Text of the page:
Spurred on by a kick-a$$ movie poster by Josh Howard, this is part two of a four part series showcasing our feelings on Bettman and the NHL.
Gary Bettman. So much to say about the man. Is he great at his job? Many argue yes. The game has grown and he keeps the owners happy. He won the first lockout and he’ll probably win this one again. It’s not his job to be liked by the fans they argue. As long as the owners are happy, that’s all that matters.
But I have a slightly different opinion. He’s not just the ringmaster of the owners, you should think of him as the CEO of the NHL and the owners are each a significant shareholder. Not a perfect analogy, I agree, but I think it is close. He’s there to make the shareholders more money – that’s it.
Looking at it like this, I think is where Gary fails flat on his face. One second of listening to him speak and you know the man’s an attorney. Not just any attorney, the kind that has been born and bred to be a bloodsucker since the day he was born. And here’s the problem with that – he runs the league like an attorney, not the way a CEO of the league should.
Hit the jump for more on why Gary is just terrible.
Great CEO’s are ideas guys who can see the big picture amidst many minor issues that may arise. Long term is what matters and they realize that you don’t have to win every battle to win the war. Their job is to make sure the car stays on course despite any bumps they might encounter along the way.
Attorneys, on the other hand, are trained to see black and white. Sure, it might make more sense to the client to settle an issue that arises that they likely have a winning argument, but most law firms don’t see it like that. They see each case as a short term, winning or losing case. Outside attorneys don’t get to deal with the everyday business operations of their client and how they fit into the whole scheme of things. If you have a winning case, you damn well should win that case in court is the thought. And if you are on the losing side, you do whatever you can to make it seem like you have a winning case to the outside world, even if it is obvious you are full of it.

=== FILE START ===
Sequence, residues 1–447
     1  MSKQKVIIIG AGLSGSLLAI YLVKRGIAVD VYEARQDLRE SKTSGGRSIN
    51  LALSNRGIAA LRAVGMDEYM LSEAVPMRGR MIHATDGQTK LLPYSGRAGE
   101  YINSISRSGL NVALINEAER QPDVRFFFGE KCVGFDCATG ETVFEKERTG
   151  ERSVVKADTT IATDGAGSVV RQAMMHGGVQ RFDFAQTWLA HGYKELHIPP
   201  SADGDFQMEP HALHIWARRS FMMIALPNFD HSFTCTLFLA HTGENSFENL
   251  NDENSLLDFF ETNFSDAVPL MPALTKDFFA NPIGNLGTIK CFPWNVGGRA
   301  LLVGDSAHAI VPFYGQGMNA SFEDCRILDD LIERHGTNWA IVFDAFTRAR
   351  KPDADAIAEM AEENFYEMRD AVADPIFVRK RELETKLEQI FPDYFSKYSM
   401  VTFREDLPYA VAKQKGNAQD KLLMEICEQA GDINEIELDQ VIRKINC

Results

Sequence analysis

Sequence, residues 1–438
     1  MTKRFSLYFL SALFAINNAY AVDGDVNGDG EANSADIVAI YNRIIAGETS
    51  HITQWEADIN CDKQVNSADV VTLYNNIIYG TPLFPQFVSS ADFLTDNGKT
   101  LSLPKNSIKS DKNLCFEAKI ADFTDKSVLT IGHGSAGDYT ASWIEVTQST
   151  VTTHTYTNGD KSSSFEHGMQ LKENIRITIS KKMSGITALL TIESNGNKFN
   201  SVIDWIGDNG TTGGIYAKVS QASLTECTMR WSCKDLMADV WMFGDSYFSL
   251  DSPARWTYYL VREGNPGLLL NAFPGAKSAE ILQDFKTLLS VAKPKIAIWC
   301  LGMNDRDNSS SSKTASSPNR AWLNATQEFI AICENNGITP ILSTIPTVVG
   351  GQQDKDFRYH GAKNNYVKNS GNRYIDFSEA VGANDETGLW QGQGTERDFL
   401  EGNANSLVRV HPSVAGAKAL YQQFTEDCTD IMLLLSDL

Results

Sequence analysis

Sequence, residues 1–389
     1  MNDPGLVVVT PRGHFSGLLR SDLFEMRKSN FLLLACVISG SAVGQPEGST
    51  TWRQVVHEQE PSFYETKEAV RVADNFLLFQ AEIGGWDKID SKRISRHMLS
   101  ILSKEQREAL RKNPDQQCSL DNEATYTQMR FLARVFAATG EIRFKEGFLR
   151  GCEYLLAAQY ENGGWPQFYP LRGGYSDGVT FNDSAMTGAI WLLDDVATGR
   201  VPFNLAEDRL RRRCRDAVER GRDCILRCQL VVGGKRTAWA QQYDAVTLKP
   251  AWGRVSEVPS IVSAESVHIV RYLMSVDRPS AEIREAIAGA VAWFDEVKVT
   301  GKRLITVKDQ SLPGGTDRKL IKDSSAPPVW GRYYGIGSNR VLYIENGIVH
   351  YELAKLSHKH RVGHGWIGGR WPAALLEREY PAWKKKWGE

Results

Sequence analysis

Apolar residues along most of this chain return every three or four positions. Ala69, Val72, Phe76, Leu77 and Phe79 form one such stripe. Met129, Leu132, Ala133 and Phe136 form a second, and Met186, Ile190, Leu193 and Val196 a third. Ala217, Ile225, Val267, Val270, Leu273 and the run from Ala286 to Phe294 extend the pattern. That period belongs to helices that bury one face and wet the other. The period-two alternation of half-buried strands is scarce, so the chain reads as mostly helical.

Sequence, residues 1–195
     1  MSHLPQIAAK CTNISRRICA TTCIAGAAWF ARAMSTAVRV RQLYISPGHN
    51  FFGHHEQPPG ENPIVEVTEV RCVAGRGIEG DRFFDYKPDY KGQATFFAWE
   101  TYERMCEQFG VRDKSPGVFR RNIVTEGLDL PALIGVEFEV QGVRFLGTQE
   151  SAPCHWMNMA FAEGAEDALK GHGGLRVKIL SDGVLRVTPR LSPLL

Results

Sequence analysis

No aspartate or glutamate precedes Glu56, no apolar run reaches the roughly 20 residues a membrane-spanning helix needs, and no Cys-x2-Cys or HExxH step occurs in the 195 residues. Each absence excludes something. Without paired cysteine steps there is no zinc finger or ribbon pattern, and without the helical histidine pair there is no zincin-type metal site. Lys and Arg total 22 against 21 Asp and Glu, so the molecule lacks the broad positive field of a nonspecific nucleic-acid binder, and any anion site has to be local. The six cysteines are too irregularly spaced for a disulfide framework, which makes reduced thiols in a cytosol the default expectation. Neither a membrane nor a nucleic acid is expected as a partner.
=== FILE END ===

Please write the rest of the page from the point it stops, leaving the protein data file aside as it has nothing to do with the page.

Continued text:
And that’s the problem. Gary often operates like an attorney, not a CEO. He does have a decent plan to grow the league as shown by the growth of the game itself, but he can’t help himself and fight every battle he’s faced with along the way. What he sees today is an issue that he believes he has a winning argument for: the NHLPA gets a significantly higher percentage of the revenues than other major sports and thus they should have their share cut. Logically, it does make sense in this limited view and thus he is ready to go to war again.
But Gary the attorney, can’t look at this like a CEO would. Nor can he look at this lockout like his customers, the fans, because he isn’t one. His attorney blinders only allow him to see the black and white view of the situation. He doesn’t realize that while this might reduce wage expense, another lockout is going to kill the NHL’s momentum and steer it right off the long term path it is on. With the cancelation of the October games, the car is now veering off the road. It’s not too late to get it back on track, but there’s a tree coming up ahead quick. A good CEO, one like Roger Goodell, would realize that and fight this battle farther down the road. But the attorney who’s running the league is ready to halt everything to be right, which includes the growth of the league. And while he might be a great attorney, that’s simply bad business.
(Full disclosure – this is coming from an attorney/former CPA/always stupid goalie.)